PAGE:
A large number of films and television
series, and written literature portray more than one (type of) language
(than just standard British English, for instance), because they
include different languages or significant linguistic variations. The
translation of such texts poses certain challenges, since language
variation can fulfil certain functions (stylistic, pragmatic or
discursive). These texts are often referred to as multilingual (or
polylingual, plurilingual or even heterolingual).
The TRAFILM project aims to describe the reality of the translation of
multilingual audiovisual texts. We aim to discover professional and
social practices along with the norms and criteria of this specific
translation challenge. We will analyse films translated in Spain from
the beginning of the new millennium onward, in order to compare the
norms and tendencies when rendering linguistic diversity for dubbing and
subtitling. We will deal with translations from English (because of its
prevalence in the audiovisual markets), and into Spanish and Catalan
(the target languages of the academic, professional and social context
of the research team). The project pays special attention to gathering a
representative number of samples of how the phenomenon of
multilingualism has been dealt with in 21st-century films. We do not
restrict the number of language varieties that constitute the “third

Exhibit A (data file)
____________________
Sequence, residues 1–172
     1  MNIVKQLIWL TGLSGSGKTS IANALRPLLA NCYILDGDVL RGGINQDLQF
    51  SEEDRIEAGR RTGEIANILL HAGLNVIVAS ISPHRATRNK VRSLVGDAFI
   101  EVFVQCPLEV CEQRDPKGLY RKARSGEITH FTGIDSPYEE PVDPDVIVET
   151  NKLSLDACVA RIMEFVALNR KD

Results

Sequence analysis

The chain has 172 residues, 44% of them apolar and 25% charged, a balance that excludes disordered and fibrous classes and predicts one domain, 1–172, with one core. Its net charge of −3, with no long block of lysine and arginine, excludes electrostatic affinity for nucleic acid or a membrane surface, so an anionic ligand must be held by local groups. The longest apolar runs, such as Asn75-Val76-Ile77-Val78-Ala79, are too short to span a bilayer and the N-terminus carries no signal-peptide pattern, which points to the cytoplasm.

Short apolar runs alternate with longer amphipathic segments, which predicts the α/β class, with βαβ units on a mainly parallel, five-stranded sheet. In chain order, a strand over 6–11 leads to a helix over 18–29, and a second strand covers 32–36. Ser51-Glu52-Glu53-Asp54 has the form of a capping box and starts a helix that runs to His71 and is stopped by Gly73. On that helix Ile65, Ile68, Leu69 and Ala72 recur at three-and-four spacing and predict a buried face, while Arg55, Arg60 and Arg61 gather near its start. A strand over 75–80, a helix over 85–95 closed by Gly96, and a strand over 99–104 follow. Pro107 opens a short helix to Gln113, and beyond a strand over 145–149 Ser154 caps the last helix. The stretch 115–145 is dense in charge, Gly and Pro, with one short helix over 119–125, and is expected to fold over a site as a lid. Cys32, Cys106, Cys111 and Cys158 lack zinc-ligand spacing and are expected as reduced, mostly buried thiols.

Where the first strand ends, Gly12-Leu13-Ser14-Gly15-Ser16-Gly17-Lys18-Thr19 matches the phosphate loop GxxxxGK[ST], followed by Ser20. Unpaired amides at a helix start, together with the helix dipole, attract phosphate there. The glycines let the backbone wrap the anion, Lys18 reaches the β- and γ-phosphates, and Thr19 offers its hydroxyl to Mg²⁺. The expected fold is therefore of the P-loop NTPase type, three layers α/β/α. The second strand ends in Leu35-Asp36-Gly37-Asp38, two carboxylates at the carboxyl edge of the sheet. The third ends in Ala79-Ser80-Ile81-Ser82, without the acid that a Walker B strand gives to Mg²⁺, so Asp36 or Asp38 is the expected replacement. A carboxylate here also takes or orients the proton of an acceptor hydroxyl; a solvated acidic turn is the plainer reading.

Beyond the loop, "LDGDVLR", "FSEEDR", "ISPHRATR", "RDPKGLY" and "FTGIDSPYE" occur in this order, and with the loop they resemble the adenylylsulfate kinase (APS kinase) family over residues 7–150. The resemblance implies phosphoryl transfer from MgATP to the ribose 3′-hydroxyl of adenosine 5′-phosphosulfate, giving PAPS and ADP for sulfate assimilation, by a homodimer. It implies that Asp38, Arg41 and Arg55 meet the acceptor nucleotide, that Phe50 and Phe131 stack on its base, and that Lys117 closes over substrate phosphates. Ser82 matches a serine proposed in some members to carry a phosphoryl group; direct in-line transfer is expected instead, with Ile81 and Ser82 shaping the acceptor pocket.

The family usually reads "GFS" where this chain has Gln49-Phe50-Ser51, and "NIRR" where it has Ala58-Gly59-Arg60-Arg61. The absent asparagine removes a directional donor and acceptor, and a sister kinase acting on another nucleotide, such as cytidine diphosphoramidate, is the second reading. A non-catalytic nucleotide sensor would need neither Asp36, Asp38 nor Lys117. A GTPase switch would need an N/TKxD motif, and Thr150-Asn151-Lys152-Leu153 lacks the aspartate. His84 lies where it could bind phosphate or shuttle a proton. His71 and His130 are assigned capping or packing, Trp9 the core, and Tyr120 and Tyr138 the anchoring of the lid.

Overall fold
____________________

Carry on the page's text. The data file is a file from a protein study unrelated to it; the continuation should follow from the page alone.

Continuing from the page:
language,” i. e. the variety that is not the source or target language,
since this research intends to analyse the functions of this variety in
order to deal with the related criteria for its translation. We will
also study the case whereby the presence of the “other” language happens
to be exactly the same language as the main target language for the
translation (for example, American English-language films which include
scenes in Spanish, and their dubbed or subtitled versions for Spain).
Thus, we intend to provide reliable data for refining existing
theoretical models of multilingualism in audiovisual translation, and to
compare tendencies across translation types.
The TRAFILM project also aims to create a consultable database, where
excerpts from multilingual films will be spotted and transcribed,
allowing the user to search languages and language variations with a
range of translation options. This database will offer quantitative and
qualitative data for research. It will also provide audiovisual
materials for translation training and foreign language acquisition.
Finally, it will provide a set of guidelines for translating
multilingualism, including diverse translation options.
The project aims to validate and refine the theoretical models on
audiovisual translation and multilingualism by describing and analysing a
rich collection of data. It also intends to provide useful material
resources, such as the consultable database and a set of guidelines for
translators, trainers and trainees.
The project TRAFILM (FFI2014-55952-P) is funded by the Spanish Ministry of Economy and Competitiveness